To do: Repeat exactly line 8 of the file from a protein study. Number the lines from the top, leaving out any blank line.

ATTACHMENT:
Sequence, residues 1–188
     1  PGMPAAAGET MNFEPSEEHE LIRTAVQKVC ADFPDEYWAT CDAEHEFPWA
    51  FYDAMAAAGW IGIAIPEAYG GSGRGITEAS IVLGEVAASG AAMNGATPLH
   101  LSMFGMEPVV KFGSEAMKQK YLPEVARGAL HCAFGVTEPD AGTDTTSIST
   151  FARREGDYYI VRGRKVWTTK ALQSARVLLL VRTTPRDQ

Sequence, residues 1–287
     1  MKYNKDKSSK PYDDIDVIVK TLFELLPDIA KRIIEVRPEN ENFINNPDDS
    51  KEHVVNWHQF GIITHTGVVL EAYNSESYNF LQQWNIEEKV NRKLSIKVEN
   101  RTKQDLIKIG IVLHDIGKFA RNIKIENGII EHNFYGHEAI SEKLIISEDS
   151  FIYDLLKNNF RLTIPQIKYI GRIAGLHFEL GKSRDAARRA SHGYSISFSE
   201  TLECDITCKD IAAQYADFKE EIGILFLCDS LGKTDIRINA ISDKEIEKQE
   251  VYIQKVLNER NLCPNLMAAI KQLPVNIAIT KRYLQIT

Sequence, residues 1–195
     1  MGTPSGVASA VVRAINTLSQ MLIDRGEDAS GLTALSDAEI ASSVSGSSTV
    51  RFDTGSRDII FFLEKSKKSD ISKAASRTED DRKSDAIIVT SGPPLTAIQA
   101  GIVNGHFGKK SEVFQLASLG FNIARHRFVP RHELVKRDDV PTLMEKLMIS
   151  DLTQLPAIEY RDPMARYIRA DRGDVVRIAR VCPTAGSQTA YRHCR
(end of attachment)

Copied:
    51  KEHVVNWHQF GIITHTGVVL EAYNSESYNF LQQWNIEEKV NRKLSIKVEN